Dan Geringer, who has been an invaluable spatial resource to Garmin, arranged a meeting for Tim and I with LJ Qian from Oracle’s Map Viewer team and Jayant Sharma, an Oracle Spatial Product Manager. We talked at length about generating dynamic heat maps from Oracle Spatial data, and we discussed using Oracle Map Viewer as an abstraction layer above base maps from Google, OSM, and other providers. I also enjoyed visiting with Oracle Product Manager, Jean Ihm.

My top priority coming out of the conference is to see if I can do with the Oracle Map Viewer HTML5 map client what I had hoped to accomplish with Leaflet. I want to separate our map code, line and point interaction, from the base map provider selected by the user, so that we can reduce the code written specifically for Google, Bing, OSM, and Baidu maps.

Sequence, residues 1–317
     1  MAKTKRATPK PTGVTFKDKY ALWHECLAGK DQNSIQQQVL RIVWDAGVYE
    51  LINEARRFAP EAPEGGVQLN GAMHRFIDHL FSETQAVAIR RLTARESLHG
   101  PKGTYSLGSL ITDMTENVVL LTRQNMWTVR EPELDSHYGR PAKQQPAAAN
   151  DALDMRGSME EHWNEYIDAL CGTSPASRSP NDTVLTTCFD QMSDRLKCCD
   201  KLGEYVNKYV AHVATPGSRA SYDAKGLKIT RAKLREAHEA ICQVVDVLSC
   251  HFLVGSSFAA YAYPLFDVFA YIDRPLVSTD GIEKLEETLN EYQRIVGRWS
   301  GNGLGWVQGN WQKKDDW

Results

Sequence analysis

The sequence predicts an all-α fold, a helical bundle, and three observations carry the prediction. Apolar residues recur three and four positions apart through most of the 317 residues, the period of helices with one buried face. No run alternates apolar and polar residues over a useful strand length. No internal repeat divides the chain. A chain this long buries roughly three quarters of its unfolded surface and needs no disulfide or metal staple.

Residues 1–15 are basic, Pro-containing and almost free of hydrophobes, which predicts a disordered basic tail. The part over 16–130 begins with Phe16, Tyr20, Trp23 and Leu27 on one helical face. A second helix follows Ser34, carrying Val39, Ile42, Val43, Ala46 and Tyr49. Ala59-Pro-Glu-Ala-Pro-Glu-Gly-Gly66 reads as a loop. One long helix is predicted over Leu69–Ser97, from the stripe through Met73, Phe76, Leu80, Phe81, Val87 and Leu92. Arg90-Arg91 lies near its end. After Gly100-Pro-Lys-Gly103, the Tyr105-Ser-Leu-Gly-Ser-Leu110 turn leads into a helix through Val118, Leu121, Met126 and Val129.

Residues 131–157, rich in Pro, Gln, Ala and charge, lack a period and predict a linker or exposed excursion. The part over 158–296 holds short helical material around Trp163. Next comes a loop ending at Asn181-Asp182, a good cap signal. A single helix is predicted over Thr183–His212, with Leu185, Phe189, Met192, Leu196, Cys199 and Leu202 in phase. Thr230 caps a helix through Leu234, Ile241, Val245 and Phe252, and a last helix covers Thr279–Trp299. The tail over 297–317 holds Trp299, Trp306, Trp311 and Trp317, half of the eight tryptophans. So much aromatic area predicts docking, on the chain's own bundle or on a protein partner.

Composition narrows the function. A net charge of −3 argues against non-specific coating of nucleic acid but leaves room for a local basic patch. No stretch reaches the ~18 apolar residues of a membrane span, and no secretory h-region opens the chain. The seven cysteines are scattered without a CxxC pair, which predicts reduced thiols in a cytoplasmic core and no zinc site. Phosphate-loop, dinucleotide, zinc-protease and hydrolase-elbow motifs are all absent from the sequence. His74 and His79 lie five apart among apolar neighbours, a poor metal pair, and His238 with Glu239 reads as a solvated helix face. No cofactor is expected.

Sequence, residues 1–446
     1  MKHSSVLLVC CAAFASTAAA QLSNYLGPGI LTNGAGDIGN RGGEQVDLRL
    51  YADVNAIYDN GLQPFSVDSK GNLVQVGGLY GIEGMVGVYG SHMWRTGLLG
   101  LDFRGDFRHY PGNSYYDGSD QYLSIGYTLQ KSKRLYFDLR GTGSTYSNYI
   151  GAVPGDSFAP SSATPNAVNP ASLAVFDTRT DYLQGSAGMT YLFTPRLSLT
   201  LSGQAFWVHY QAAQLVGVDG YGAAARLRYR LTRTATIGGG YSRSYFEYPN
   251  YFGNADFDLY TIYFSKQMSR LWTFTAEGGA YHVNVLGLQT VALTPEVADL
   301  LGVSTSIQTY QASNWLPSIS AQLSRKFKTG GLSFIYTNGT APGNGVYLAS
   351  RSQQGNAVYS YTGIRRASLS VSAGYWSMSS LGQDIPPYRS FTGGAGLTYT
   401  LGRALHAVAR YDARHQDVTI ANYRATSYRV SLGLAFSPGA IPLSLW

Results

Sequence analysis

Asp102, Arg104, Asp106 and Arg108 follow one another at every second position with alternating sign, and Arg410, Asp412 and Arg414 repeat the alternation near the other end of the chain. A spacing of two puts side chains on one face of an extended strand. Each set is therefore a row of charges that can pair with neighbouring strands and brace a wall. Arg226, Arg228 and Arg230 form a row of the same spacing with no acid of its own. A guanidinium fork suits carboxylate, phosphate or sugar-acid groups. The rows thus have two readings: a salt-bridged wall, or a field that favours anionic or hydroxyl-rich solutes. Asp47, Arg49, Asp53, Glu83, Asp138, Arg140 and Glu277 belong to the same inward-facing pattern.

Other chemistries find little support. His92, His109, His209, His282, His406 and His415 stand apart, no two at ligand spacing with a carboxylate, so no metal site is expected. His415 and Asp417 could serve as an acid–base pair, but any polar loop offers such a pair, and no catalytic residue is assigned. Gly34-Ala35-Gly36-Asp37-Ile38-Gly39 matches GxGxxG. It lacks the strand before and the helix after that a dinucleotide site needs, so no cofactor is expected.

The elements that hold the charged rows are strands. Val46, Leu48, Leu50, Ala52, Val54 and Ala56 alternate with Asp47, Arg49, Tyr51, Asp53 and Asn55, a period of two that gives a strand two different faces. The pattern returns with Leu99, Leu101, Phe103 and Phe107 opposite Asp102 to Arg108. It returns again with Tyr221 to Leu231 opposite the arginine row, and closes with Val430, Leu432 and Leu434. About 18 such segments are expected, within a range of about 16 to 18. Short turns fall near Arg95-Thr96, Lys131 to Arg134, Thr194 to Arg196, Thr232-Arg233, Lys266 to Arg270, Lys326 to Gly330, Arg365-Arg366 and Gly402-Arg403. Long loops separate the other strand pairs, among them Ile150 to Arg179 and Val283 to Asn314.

Since returning home I’ve been trying to find a Linux distro that runs well under Oracle VirtualBox to use as my test environment for Oracle SQL Developer, Oracle MapViewer quick start, and possibly Oracle WebLogic. Ubuntu 14.04 did poorly due to an issue with Unity 3D. Fedora 20 also seemed slow. OpenSUSE 13.1 looks promising, but I’m not far enough along in the set-up know for sure.

Spring JDBC and Ehcache

A couple of months ago I started refactoring a client’s code to bring it up to current standards. The client had three projects talking to the same database three different ways: MyBatis, Hibernate, and Spring JDBC. Also, two of the projects were still using ANT. I set out to switch all the projects to Maven, Spring, and a single, shared DAO layer using Spring JDBC.